Species search tips
You need to type at least three characters to initiate a search.
You can search using
scientific (Latin) species name (e.g. Eugenia uniflora) or common name
(e.g. Brazilian Cherry). If you search on common name it will also display for you
the accepted scientific name.
Once three characters have been entered in the search box, matching species will be listed
underneath. As you continue to type, this list will change accordingly. Note that you do not
need to necessarily enter the first four characters of a species name,
the search will look for what you have typed regardless of where it appears within a species name.
Matches on accepted species name
appear first, followed by matches on common name and finally matches on species synonyms.
The accepted species name is shown in blue text
alongside the common name or synonym.
Use the arrow keys or mouse to scroll down to the species
of interest and press Enter or click to view its species profile.
Glossary terms are highlighted throughout the website.
Look for words and phrases with a dotted underline or [?].
Place the mouse cursor over the term and its definition will appear in a black popup box.
Click on a species name to view its species profile. A new browser tab will be opened for
each species, allowing you to have multiple profiles open simultaneously.
Click on the column headings Species or Family
to sort the species list by species name or family name respectively.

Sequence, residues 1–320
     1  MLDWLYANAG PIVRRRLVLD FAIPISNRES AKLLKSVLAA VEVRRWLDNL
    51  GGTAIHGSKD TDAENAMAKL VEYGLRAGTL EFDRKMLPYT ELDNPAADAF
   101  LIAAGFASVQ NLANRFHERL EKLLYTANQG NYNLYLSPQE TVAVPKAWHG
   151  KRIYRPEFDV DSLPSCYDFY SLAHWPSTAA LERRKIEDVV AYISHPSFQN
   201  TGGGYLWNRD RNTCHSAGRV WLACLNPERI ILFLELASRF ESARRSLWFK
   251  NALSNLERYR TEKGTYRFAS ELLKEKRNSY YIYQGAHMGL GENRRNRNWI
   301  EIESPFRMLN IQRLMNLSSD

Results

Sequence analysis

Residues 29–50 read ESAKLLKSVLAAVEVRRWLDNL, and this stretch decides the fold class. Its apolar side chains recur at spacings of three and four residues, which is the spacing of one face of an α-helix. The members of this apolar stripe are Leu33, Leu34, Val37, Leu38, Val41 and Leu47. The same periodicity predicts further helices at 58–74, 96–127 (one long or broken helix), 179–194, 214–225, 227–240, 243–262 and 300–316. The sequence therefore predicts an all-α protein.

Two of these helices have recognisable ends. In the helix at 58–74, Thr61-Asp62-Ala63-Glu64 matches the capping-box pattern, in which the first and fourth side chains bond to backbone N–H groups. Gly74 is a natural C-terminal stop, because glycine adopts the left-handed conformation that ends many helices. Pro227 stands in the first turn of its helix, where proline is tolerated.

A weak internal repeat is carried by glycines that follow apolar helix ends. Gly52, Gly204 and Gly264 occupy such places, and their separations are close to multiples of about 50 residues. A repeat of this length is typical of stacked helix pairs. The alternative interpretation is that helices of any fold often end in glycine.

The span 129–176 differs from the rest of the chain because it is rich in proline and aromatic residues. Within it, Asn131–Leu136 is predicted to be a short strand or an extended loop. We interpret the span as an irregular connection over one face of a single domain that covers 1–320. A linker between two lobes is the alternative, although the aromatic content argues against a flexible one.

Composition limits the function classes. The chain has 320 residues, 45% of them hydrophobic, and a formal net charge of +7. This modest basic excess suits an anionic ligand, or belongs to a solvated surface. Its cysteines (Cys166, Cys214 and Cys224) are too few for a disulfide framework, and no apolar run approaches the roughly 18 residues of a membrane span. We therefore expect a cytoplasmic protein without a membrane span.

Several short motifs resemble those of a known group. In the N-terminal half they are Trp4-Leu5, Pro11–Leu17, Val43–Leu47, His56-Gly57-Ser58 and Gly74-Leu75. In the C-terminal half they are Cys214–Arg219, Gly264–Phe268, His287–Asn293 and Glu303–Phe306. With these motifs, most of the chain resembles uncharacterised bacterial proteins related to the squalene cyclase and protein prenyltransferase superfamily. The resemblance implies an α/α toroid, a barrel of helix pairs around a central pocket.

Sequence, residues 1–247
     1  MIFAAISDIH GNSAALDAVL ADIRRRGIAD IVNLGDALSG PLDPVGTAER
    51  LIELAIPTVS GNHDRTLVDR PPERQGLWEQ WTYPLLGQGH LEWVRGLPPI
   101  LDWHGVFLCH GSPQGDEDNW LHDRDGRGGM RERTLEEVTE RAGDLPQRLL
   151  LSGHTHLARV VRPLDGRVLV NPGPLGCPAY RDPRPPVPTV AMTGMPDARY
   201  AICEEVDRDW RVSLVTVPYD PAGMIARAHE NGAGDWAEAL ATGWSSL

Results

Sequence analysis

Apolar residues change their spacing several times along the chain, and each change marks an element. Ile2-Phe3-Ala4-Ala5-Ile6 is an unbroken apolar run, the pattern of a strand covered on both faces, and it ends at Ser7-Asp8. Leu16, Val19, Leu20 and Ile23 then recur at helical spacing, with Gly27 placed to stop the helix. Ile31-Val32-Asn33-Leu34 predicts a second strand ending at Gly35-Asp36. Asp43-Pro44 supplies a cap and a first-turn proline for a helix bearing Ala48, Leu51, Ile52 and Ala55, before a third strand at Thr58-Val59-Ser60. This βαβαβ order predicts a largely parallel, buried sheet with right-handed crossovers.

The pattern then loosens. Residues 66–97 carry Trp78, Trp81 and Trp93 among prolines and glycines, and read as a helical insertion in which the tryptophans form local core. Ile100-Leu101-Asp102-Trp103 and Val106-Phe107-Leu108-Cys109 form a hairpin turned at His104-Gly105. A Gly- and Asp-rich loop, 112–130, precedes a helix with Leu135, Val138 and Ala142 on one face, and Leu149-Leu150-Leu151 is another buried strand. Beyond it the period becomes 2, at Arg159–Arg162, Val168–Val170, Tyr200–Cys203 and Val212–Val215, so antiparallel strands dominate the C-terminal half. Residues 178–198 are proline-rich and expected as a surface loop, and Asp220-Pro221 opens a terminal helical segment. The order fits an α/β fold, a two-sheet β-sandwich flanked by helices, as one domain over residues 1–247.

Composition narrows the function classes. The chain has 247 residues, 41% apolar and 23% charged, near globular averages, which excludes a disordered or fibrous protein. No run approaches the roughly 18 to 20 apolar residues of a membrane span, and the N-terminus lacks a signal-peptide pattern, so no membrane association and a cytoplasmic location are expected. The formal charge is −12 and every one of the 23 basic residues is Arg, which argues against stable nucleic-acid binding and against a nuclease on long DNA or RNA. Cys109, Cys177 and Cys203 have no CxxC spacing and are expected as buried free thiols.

Click on the column headings Current, RCP 8.5 2035 or
RCP 8.5 2065 to sort by National Rating and Climate Change Impact
in descending order for the selected climate.
Using the methods described under the screening tool methodology, naturalised species were
rated as having low, medium or
high potential for population establishment and expansion now
and in the future. The rating is a way of evaluating which species should undergo further
assessment for weed risk potential.
For more information refer to
Climate Change Impact
Invasive species have been grouped into 3 different classes based on the species'
modelled response to climate scenarios under RCP 8.5 in 2065 at the National level:
Class 1 species have both an increase in the area of
suitable habitat and an increase in the average habitat suitability of observations.
Class 2 species have an increase in either the area of suitable
habitat or the overall habitat suitability.
Class 3 species are projected to have a decrease in both the
area of suitable habitat and the habitat suitability.
For more information refer to Screening Tools.